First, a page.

For today’s Field Trip, I’m taking you to a place that’s in some ways the opposite of the very well-curated Beam & Anchor. The Mississippi ReBuilding Center is probably the one of the least photogenic, most useful places I’ll feature here. They’re a non-profit that accepts donations of reusable building materials, and sells them to the community for much less than retail. And they offer deconstruction services, which means instead of tearing down a building and throwing the materials in a landfill, the material is removed by hand and salvaged for reuse.
My husband and I own a house built in 1912, and having drilled into wood that’s over a hundred years old, I can tell you that it’s completely different than wood you can buy in a lumberyard today. It’s way harder, because the wood was old-growth lumber that just isn’t available any more. The thought of a house built with trees that took 100 years to grow, that were cut down and then built into a house 100 years ago, and it’s now being torn down and just thrown in the landfill, makes me mad and sad. But it’s happening all the time, and anything we can do to prevent that kind of waste is essential. So I’m happy to support this place in any way I can.
If you’re the owner of an old fixer-upper in Portland, this place is a resource you need to know about. Even if you’re not a homeowner, but you’re into DIY projects, you can definitely find useful materials and tools here. Environmentally-responsible, plus cheaper than buying new? Count me in.
I often find materials for projects here, but I sometimes hesitate to blog about them, since I can’t recommend where to find identical materials to re-create the outcome. Next week, though, I’ll share a project I made with something I found here.
The building itself is a big, artsy warehouse on the south end of bustling Mississippi Avenue. The upper parts of the walls are made of reclaimed windows, and there are manmade trees in the entryway. It’s pretty recognizable.
Why aren’t modern power tools this pretty?
One whole side of the building is devoted to doors and windows. The workmanship and quality of the old wooden doors is astounding, even if many of them need some restoration. They have newer doors, too, but it’s kind of a needle-in-a-haystack situation if you need a door of a specific size.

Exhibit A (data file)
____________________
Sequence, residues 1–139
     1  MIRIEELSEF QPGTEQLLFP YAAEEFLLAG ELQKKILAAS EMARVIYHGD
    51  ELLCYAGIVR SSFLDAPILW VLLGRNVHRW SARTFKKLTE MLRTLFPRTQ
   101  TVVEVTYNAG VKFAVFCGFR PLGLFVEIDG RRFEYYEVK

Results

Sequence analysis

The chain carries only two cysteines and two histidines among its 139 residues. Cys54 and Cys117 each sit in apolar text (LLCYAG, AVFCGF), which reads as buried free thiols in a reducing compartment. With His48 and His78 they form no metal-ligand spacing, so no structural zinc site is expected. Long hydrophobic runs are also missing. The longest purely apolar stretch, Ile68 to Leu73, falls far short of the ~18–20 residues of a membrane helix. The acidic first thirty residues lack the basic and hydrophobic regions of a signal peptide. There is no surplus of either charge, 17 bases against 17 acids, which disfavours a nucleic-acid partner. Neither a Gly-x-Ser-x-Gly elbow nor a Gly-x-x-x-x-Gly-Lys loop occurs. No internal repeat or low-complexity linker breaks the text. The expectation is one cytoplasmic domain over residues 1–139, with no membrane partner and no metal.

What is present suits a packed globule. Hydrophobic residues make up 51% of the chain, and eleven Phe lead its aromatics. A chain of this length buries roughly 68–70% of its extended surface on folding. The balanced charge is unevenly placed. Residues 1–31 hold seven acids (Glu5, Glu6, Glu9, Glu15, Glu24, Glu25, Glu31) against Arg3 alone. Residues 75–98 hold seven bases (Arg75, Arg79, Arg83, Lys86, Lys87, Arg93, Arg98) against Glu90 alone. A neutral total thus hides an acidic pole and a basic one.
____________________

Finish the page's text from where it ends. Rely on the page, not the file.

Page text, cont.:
Beautiful old wooden doors. Isn’t that pink one dreamy?
There’s also a big section of sinks, tubs, and toilets. I hope to find some old sinks here when we make over our bathrooms someday.
Unless it’s something common that they always seem to have on hand, you can’t really come here with a very specific item in mind. If you need porcelain light sockets or switchplate covers or pegboard you’ll probably be in luck, but for most things, it’s a treasure hunt. And that means that some days you’ll find something awesome and unexpected, and other days you’ll go home empty-handed. That’s part of the fun, as far as I’m concerned. I keep a list of measurements and things I’m looking for in my phone, so if I see something that might fit the bill, I can check my measurements.
See? Piles of pegboard.
Things I’ve bought here: Reclaimed wood boards of many sizes, wooden dowels, door hardware galore, tile, a large decorative wooden post, a wall-mounted soap dish, light fixtures, pegboard, random screws, bolts, and other hardware.
These are mortise-locks, which are common on old doors.
Things I’ve made with stuff I’ve bought here: A cat scratching post, reclaimed wood shelves, tile coasters, pegboard jewelry storage.
One of the parts of coming here that I really like is that sometimes it helps jolt my creativity. For example, I have no idea what I’d do with these colorful plastic handles, but it’s fun to try to think up uses.
Pastel lightshades that might be perfect for your grandma’s bathroom. The look is due for a revival any day now.
Although it may look chaotic, they’ve actually really improved the organization lately (I think it was a New Year’s resolution).
If you’re lucky, you might spot the store cat. She’s usually sleeping near the sinks. Signs claim that she scratches, and she may, but she’s only ever licked me.
Things I’ve seen here: Giant coils of rope, thicker than my legs, that came from river tugboats. Brand new fixtures from Rejuvenation, still in the box. Piles of marble tile. Industrial drinking fountains. Beautiful old mantels, sinks, and bathtubs.
Makes me wish I had a fireplace that needed a mantel.
If you go to the back of the building, towards the alley, you may think you’ve reached an employees-only area. But keep going, across the alley, and you’ll find the wood. So much wood.
A couple of years ago, we bought old Douglas Fir boards here that we used to make bookshelves. I think that was the first time I bought materials here, and I was a bit intimidated by the wood area, but when we told one of the employees what we were looking for, he was really helpful.
These shelves are tricky to photograph, since they’re actually 11 feet long. So long that we had to put the boards in through a window, and assemble them in the room. They hold a lot of books and media!
I haven’t been afraid of the wood section since we bought the wood for our shelves, but there are definitely piles of stuff that I can’t identify.
I come here a lot, so much so that some of the regular employees here recognize me. Even if you’ve never been in before, the kind employees and volunteers here will go out of their way to help you if you ask. Ella Rose, who’s usually reigning over the register, is always a delight to chat with.
The Mississippi ReBuilding Center is at 3625 N. Mississippi Ave, and is open Monday – Friday 10AM – 6PM, Saturday: 9AM – 5PM, and Sunday 10AM – 5PM. You can follow them on Twitter @ReBuildingCtr to see some of the newly-arrived treasures.
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